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"Rent Fair" Victorian Rental Law Reforms - Urgent and non-urgent repairs (Part 6)

Marcel Dybner

Urgent and non-urgent repairs

Reform 54. 

The existing definition of urgent repairs will be expanded to include breakdown of a cooling appliance, non-compliance with minimum standards or the safety-related obligations (such as a functioning smoke alarm), pest infestation and mould caused by the building structure. This reform also applies to urgent repairs in rooming houses and caravans.

Reform 55.

The limit for renters to authorise urgent repairs when their residential rental provider (RRP) has not promptly responded to an urgent repair request will be increased to reflect inflation from the current limit of $1,800. The revised limit will be prescribed in regulations. This reform also applies to rooming houses, caravan parks and residential parks.

Reform 56. 

The Director of Consumer Affairs Victoria will issue guidelines clarifying timeframes for responding to urgent repairs. VCAT will be required to have regard to the guidelines when determining urgent repairs disputes. This reform also applies to rooming houses, caravan parks and residential parks.

Reform 57. 

Renters who have paid for urgent repairs up to the prescribed amount will be able to seek reimbursement from the RRP for the reasonable costs of repair within seven days, instead of 14 days. A failure by the RRP to reimburse the renter will entitle the renter to seek a compensation order from VCAT. This reform also applies to rooming houses, caravan parks and residential parks.

Reform 58.

For non-urgent repairs, renters will be able to apply directly to VCAT if the RRP has not carried out notified repairs within 14 days. While renters will still be able to request a CAV repairs report, renters will no longer be required to obtain this report before applying to VCAT. This reform also applies to non-urgent repairs in rooming houses, caravan parks and residential parks.

Reform 59. 

To encourage residential rental providers to maintain their properties in good repair, renters will have increased access to the Rent Special Account. The Rent Special Account is designed to hold rent payments that have been redirected when the RRP has not undertaken any necessary repairs. Upon application by the renter, VCAT will be required to order that rent be paid into the Rent Special Account instead of to the RRP, unless the RRP can prove that they would experience financial hardship if the rent was paid into the Rent Special Account. If, despite having been ordered by VCAT to undertake repairs, the RRP still has not fulfilled their duty, the renter may now apply to have any rent held in the Rent Special Account repaid to them in full as compensation for the inconvenience of having to wait for repairs to be performed. This reform also applies to rental arrangements in rooming houses, caravan parks and residential parks, and responsibility for administering the Rent Special Account will be moved from VCAT to the RTBA.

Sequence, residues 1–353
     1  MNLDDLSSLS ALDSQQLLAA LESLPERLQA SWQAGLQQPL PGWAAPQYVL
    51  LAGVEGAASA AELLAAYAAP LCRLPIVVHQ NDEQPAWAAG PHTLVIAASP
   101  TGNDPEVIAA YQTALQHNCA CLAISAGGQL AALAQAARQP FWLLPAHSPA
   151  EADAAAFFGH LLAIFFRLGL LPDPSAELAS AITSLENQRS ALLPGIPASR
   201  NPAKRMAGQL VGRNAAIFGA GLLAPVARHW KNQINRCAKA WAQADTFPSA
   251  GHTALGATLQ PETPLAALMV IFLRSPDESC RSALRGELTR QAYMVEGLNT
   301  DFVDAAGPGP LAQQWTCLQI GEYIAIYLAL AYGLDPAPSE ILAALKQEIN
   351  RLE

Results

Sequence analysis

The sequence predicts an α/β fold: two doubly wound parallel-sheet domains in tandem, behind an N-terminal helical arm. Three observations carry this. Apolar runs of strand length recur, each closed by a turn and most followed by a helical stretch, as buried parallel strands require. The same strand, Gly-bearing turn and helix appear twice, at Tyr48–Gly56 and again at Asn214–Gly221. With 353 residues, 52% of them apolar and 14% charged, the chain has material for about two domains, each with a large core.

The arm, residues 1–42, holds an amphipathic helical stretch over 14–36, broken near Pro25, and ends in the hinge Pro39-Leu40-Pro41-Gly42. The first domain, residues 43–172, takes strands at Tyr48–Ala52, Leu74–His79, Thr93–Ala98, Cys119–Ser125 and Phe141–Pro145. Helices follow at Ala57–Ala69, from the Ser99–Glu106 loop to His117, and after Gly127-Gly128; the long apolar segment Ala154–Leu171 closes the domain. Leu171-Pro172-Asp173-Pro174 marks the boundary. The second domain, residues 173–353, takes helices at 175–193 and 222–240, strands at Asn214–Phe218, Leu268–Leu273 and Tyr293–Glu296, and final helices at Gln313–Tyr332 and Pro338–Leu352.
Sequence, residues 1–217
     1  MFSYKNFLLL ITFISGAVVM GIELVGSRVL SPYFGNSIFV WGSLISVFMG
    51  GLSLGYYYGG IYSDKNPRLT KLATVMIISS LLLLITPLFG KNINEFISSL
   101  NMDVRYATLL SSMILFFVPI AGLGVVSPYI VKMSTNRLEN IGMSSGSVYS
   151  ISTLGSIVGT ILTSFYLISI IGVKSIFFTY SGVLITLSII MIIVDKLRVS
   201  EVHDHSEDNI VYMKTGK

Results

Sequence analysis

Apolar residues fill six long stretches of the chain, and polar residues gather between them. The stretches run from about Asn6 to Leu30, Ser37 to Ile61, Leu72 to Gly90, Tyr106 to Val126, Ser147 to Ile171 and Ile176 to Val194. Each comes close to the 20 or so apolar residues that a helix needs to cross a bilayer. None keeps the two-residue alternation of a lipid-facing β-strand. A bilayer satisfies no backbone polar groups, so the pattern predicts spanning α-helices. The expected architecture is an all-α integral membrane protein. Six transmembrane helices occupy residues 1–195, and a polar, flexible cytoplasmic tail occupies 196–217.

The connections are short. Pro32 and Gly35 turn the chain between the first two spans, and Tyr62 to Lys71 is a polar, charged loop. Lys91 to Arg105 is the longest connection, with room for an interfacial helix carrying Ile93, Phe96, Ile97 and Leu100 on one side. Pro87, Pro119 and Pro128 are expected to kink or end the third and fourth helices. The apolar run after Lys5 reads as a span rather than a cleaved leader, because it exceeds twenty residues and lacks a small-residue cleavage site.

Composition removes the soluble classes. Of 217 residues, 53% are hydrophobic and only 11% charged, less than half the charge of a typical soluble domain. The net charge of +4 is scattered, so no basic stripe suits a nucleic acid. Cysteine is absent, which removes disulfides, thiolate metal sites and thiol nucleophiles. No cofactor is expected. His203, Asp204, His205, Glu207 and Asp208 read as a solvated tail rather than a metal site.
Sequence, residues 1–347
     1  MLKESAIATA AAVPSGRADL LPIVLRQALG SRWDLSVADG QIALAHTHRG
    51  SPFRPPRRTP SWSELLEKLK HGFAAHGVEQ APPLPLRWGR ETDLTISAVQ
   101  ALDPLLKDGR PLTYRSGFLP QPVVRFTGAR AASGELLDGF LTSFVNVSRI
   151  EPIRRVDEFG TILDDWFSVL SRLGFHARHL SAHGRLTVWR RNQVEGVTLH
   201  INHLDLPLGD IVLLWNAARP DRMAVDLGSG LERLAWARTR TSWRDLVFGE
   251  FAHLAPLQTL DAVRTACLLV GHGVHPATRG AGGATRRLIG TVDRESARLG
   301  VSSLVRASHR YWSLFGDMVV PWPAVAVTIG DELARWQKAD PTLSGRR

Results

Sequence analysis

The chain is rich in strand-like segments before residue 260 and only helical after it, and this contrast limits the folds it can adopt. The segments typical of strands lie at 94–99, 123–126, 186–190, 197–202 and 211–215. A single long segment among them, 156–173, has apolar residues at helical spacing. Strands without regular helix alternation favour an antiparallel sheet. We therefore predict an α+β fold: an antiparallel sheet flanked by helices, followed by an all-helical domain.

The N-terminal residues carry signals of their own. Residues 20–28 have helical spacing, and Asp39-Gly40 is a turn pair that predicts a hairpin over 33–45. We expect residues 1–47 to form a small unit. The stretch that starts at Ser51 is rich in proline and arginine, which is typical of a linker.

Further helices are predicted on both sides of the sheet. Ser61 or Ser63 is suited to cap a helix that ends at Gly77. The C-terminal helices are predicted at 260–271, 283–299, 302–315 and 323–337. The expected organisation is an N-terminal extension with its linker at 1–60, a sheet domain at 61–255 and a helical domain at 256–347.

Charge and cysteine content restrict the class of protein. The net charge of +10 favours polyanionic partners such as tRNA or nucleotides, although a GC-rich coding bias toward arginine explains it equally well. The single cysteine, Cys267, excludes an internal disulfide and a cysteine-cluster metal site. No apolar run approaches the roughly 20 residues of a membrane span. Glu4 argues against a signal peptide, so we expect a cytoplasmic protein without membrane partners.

Reform 60.

The rise in apartment living means the Act must increasingly be able to address issues such as repairs that involve an owners corporation.

Currently, where a residence is part of an apartment building or another complex managed by an owners corporation, RRPs may need to obtain approval before commencing repairs. Alternatively, a repair may have been caused by factors relating to the common property, such that the RRP would need to obtain redress from the owners corporation. This can often force the renter to endure delays, particularly if there is a dysfunctional owners corporation.

The Act will be amended to provide that, where it is alleged that a repair involves a problem or defect originating in any common property, the RRP may join any relevant owners corporation as a party to the proceeding.

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